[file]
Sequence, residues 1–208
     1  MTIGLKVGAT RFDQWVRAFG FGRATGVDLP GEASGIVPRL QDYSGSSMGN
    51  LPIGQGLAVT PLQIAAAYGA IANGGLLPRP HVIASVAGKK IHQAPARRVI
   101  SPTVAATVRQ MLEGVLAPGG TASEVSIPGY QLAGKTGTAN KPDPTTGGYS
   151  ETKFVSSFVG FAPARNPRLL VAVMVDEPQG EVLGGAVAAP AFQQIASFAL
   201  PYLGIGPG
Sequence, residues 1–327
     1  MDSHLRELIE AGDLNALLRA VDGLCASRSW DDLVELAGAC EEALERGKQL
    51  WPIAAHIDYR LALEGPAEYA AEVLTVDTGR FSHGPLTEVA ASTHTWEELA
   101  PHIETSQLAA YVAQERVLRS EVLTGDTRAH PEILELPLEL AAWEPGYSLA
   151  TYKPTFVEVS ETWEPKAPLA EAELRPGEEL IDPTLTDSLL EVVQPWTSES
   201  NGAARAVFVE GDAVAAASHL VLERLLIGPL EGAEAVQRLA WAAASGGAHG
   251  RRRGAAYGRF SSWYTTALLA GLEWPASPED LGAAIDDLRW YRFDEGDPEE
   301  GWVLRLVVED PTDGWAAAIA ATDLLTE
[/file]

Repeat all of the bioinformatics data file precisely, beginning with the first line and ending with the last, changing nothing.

Sequence, residues 1–208
     1  MTIGLKVGAT RFDQWVRAFG FGRATGVDLP GEASGIVPRL QDYSGSSMGN
    51  LPIGQGLAVT PLQIAAAYGA IANGGLLPRP HVIASVAGKK IHQAPARRVI
   101  SPTVAATVRQ MLEGVLAPGG TASEVSIPGY QLAGKTGTAN KPDPTTGGYS
   151  ETKFVSSFVG FAPARNPRLL VAVMVDEPQG EVLGGAVAAP AFQQIASFAL
   201  PYLGIGPG
Sequence, residues 1–327
     1  MDSHLRELIE AGDLNALLRA VDGLCASRSW DDLVELAGAC EEALERGKQL
    51  WPIAAHIDYR LALEGPAEYA AEVLTVDTGR FSHGPLTEVA ASTHTWEELA
   101  PHIETSQLAA YVAQERVLRS EVLTGDTRAH PEILELPLEL AAWEPGYSLA
   151  TYKPTFVEVS ETWEPKAPLA EAELRPGEEL IDPTLTDSLL EVVQPWTSES
   201  NGAARAVFVE GDAVAAASHL VLERLLIGPL EGAEAVQRLA WAAASGGAHG
   251  RRRGAAYGRF SSWYTTALLA GLEWPASPED LGAAIDDLRW YRFDEGDPEE
   301  GWVLRLVVED PTDGWAAAIA ATDLLTE